COLUMBUS, Ohio (WSYX) — Challenges for many in the childcare industry include shortages in staffing, struggles in hiring, and the realities of a field that's never fully recovered from the pandemic.
The impacts of the pandemic vary across the area.
"We are like a big family here," Juliet Blackenberry, director of City Kids Daycare, said.
And that is how Blackenberry wants to keep things at City Kids in the Arena District.
"I am here for the kids," she said. "They're amazing...and it does take a very special person to work in this field."
After the height of the pandemic, she said the team and business there are strong.
There have been impacts. The director said enrollment is a little lower right now because many families are still working from home.
"Finding quality childcare employees has, it's been challenging lately," Blackenberry said. "The majority of my staff has been here, anywhere between four years to 30 years. So, we're holding strong."
Concerns do continue for an industry that hasn't fully recovered, according to Action for Children CEO Eric Karolak.
"There are signs of improvement," he said. "But, we've by no means recovered from the pandemic. The signs of improvement include that fewer programs are underwater. And the outlook among providers is probably the best it's been since the pandemic began."
The team there once again surveyed Central Ohio childcare providers in September, some 1,200 licensed programs across Franklin and six other counties.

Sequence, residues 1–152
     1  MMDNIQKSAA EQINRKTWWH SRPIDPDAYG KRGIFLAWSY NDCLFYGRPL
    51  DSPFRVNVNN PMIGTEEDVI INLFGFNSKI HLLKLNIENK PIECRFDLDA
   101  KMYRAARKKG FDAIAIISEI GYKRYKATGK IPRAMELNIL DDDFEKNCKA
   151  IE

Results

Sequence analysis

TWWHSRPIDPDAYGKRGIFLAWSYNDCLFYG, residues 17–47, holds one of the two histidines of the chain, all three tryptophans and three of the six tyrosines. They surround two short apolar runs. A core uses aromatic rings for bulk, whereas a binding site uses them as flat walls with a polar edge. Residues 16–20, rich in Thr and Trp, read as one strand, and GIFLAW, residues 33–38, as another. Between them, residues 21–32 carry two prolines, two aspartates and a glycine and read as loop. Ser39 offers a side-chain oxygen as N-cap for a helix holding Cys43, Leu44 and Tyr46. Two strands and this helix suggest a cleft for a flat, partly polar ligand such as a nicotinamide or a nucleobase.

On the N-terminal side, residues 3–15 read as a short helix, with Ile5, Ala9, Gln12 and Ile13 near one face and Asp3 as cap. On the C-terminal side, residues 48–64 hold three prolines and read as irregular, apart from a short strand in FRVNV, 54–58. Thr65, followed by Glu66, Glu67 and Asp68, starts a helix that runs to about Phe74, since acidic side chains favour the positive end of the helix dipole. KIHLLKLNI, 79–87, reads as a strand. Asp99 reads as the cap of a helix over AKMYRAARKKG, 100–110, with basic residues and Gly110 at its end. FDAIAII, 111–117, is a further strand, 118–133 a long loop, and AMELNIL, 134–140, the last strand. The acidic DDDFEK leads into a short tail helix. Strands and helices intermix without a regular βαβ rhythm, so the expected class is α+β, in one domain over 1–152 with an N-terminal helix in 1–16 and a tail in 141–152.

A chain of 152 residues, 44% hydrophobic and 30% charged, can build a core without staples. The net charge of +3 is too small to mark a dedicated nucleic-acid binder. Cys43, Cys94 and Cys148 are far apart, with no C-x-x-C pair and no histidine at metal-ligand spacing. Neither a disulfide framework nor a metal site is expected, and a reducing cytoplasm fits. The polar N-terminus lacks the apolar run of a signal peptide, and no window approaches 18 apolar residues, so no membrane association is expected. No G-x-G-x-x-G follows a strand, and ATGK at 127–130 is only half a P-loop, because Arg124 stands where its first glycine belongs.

"What we continue to see is that staffing is a challenge," Karalak said. "Four out of five providers tell us that they're having trouble finding and keeping qualified staff. So, the improved outlook means that only about a third of providers are sure they will be here next year without any additional help."
The CEO said support is still needed, applauding federal and local dollars that have gone to support childcare so far.
"But those things are limited," he said. "There's a timeline when they will those dollars will drop off. And providers are already telling us they're worried about what happens next."
"It's important if they could find some other way to supplement income for these teachers, because they work hard," Blackenberry said.
Back at City Kids, the staff is focusing on these kids.
"I can't speak for all centers, but I definitely know that City Kids is going to survive," she said.
ABC 6/FOX 28 is told it can cost more to hire qualified teachers and staff these days, so that can increase costs.
Given all this, the team at Action for Children said there is help available for families, for example. That includes scholarships for families through the Franklin County RISE program.
You can find details about that and more on the survey results here.